On both of these dates there was a revelation of the Shekhina that was related to the Mishkan, but the two revelations were very different from one another, not only chronologically but also in some fundamental details. These details arise from the fact that the two revelations of Shekhina were each meant to inaugurate a different activity in the Mishkan. Or, putting it differently: first the Mishkan of revelation was inaugurated, and only afterwards the Mishkan of service.

- Place of revelation: On the first of Nisan (40:34), "The cloud covered the OHEL MO'ED and the glory of God filled the MISHKAN" – the place of God's meeting with Moshe, whereas on the eighth of Nisan (9:24), "A fire came out from before God AND CONSUMED UPON THE ALTAR the burnt sacrifice and the fats…" The revelation of Shekhina here is related to the altar that stands in the courtyard of the Mishkan; the focus is on the sacrificial service.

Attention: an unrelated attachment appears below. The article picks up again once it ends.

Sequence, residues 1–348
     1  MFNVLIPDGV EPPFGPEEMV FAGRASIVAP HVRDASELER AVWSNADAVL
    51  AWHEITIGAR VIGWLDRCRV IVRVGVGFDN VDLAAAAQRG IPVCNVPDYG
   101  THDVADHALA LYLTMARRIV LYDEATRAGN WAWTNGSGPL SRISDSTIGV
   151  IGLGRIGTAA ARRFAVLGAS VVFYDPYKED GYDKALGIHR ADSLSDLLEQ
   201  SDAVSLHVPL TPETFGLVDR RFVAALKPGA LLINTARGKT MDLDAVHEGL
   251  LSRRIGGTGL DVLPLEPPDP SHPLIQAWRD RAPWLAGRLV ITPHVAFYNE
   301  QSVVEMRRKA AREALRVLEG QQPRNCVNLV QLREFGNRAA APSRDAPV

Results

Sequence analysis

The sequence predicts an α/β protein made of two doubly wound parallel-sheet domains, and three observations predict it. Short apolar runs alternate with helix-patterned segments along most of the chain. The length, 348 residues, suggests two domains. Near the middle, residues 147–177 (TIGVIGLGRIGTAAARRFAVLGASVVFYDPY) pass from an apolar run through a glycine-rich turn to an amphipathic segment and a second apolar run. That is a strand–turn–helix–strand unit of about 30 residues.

- The visible expression: On the first of Nisan it is the cloud that rests upon the Mishkan, like the cloud that covered Mt. Sinai at the time of the Revelation there; it is an expression of revelation whose purpose is speech. On the eighth of Nisan the Shekhina is revealed in the fire that consumes the sacrifices upon the altar, thereby expressing God's desire to accept the offerings of Israel.